The monologue is played in a theatre with a theatrical title and people buy tickets to see it PERFORMED. It isn't an NPR report. There is a storytelling frame. Glass' idiotic statement that "normal" people think IF YOU ARE IN A THEATRE ON A STAGE and say that something happened, then I believe it happened is breath-takingly idiotic. You explain to me how this piece is different than "Hamlet," and why a two-person scene somehow is different than a storyteller. That's a distinction that makes absolutely no sense to me. The idea that it should somehow be LABELED as "fiction" -- a THEATRE piece ought to be labeled as FICTION -- strikes me as crazy. Was "Ragtime" labeled as fiction -- it had historical people in it. Think about the novel "The Jungle" -- should it be dismissed because it is "fiction"? The real point of this whole thing comes at the end of Glass' interview with the NY Times reporter when he asks the burning question "whether I should feel bad about this...Because I don't know that I feel so bad when I hear this." This is the issue at root of the Atlantic article, too: all us liberal hipsters who just love our Apple products and have our identities tied up in the hipness that it represents don't want to feel guilty when we snag the latest iPad release because that just isn't cool. Please, please, please tell me that it's OK. And the NY Times reporter does just that: I can't tell you how to feel, I'm a journalist. But he also says hey, some people say that the workers WANT to work inhumane working shifts. (And all the Apple afficianadoes jump off the hook.) Well, that was the way we justified abusing workers in the country in the 19th century before unions FORCED the government and businesses to create a 40 hr workweek and pay a livable wage. They were called sweatshops, and they are still sweatshops if they are in China. And so American corporations have picked up their business and moved it to China or some other 3rd world country where there can have the sweatshops that we outlawed here in the US, and saying Apple isn't the worst of them is a dodge.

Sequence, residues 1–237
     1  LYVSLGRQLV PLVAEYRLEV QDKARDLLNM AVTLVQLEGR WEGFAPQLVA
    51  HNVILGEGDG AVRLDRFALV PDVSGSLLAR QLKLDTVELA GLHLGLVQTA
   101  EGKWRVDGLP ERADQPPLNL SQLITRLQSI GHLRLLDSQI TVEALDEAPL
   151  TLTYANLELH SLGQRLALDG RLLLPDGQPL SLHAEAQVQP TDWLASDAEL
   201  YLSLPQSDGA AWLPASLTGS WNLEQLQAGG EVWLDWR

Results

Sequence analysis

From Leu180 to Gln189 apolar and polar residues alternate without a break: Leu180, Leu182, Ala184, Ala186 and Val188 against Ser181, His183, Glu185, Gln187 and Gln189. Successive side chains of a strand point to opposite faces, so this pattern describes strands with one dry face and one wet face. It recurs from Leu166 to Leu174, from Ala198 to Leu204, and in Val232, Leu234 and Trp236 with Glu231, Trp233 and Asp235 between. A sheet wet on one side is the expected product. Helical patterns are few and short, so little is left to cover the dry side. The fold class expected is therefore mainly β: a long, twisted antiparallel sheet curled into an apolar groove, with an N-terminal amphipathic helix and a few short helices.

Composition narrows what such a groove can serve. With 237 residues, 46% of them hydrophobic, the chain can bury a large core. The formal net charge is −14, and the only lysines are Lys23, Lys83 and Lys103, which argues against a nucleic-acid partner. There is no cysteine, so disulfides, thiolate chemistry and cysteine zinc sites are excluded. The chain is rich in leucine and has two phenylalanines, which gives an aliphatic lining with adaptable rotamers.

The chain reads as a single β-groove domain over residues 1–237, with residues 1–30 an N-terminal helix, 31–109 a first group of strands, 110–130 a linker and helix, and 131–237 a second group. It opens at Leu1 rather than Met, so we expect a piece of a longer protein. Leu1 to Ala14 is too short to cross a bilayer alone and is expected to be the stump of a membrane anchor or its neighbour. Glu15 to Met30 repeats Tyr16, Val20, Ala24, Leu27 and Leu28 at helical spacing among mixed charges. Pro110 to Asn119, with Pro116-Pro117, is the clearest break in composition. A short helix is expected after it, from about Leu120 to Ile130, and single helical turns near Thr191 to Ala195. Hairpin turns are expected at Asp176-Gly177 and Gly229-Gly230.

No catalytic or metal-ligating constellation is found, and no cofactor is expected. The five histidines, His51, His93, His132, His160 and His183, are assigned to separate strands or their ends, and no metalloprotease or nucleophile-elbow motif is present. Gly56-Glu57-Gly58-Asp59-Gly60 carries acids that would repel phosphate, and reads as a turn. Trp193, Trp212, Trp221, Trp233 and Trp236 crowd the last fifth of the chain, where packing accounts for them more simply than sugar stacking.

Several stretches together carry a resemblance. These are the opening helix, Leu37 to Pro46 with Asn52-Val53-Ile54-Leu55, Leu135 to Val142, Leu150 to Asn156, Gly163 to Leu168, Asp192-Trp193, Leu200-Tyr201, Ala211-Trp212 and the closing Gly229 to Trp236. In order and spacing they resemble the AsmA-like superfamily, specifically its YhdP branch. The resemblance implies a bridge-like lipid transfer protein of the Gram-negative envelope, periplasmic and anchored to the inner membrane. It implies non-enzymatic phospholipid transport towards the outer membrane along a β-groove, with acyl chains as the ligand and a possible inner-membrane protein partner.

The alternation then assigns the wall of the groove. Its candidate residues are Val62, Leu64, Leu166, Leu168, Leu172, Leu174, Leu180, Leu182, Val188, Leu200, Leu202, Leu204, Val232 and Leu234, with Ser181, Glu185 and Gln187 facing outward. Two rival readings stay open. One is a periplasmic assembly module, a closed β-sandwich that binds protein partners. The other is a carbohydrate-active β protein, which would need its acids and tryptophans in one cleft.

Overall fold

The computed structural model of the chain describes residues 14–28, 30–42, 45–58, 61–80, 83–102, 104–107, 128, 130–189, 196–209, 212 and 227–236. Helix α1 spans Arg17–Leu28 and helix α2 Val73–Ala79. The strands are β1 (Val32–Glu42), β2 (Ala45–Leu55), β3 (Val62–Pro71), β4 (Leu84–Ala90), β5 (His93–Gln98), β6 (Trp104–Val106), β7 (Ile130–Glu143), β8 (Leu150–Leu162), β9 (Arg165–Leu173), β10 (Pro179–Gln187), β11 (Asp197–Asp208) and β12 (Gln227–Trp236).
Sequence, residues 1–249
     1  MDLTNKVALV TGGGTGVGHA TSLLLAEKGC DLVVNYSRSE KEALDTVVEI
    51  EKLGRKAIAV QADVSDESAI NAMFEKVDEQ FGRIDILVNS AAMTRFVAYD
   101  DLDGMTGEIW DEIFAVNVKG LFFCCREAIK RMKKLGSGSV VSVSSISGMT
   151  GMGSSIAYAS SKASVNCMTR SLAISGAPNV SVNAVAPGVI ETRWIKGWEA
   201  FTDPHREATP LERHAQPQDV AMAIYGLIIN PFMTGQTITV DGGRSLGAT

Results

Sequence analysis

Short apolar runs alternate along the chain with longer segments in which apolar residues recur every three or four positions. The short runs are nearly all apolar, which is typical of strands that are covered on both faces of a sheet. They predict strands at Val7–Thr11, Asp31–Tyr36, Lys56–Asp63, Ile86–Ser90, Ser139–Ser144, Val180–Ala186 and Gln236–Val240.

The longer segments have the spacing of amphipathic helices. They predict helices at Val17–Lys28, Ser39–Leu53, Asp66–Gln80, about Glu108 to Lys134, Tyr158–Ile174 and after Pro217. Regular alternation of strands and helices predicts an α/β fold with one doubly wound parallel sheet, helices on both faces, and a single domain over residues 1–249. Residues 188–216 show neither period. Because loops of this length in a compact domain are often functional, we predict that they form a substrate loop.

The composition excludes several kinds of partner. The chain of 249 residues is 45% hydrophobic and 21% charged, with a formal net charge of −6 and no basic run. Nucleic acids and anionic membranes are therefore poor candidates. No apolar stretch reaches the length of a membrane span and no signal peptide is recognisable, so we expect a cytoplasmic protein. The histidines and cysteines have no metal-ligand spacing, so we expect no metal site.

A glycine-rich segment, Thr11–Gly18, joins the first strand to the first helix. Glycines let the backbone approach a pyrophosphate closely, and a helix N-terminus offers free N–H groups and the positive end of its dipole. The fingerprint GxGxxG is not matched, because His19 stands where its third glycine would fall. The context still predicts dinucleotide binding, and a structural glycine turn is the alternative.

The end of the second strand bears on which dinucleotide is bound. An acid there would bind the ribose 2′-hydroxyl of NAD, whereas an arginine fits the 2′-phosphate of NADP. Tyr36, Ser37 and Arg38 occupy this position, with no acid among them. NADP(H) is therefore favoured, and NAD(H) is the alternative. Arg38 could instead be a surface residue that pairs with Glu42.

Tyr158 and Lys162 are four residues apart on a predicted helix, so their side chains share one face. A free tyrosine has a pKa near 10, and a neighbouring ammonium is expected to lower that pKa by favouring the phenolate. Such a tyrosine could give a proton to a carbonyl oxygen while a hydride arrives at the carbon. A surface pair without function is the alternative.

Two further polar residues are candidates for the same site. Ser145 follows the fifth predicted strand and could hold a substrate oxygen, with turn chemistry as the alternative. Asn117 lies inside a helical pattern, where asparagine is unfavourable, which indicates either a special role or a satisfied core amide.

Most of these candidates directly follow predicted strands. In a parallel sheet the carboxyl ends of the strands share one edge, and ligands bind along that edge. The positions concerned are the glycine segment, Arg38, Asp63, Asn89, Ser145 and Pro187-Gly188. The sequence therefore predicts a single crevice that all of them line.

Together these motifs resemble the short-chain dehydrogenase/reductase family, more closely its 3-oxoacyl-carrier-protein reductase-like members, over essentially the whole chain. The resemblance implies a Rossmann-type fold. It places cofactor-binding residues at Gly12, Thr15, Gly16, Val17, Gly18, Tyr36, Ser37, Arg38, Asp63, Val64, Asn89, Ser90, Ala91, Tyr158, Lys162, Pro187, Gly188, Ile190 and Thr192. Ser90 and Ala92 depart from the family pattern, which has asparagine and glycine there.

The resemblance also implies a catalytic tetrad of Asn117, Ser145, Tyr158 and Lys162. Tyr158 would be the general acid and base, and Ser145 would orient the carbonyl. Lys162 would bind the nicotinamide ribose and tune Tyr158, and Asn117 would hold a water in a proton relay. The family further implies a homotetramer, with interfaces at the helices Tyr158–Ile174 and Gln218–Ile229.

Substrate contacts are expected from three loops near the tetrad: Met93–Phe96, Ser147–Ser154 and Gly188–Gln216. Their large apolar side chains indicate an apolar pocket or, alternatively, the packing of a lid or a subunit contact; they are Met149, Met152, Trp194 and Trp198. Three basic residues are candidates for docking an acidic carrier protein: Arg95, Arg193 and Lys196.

Artists exist to make us CARE about these issues, and that's what Daisey's play does. His mistake was taking a piece that takes a firm moral stand onto a program like TAD which has no sense of outrage but only an ironic smirk. The public flogging of Daisey on that show was wrong, and self-serving. The fact is that Ira Glass saw Daisey's show, a show done in a theatre, and decided to transport it to his show. If he wanted to do journalism, he shouldn't be looking in a theatre.